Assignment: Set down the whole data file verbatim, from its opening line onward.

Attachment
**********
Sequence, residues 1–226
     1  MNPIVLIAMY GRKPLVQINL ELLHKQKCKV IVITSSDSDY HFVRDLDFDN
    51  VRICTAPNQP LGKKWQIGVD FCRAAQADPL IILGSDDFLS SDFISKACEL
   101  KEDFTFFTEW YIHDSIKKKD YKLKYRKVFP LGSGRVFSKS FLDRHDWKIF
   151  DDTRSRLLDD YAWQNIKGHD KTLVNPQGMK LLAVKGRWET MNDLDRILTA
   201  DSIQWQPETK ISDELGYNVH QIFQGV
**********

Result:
Sequence, residues 1–226
     1  MNPIVLIAMY GRKPLVQINL ELLHKQKCKV IVITSSDSDY HFVRDLDFDN
    51  VRICTAPNQP LGKKWQIGVD FCRAAQADPL IILGSDDFLS SDFISKACEL
   101  KEDFTFFTEW YIHDSIKKKD YKLKYRKVFP LGSGRVFSKS FLDRHDWKIF
   151  DDTRSRLLDD YAWQNIKGHD KTLVNPQGMK LLAVKGRWET MNDLDRILTA
   201  DSIQWQPETK ISDELGYNVH QIFQGV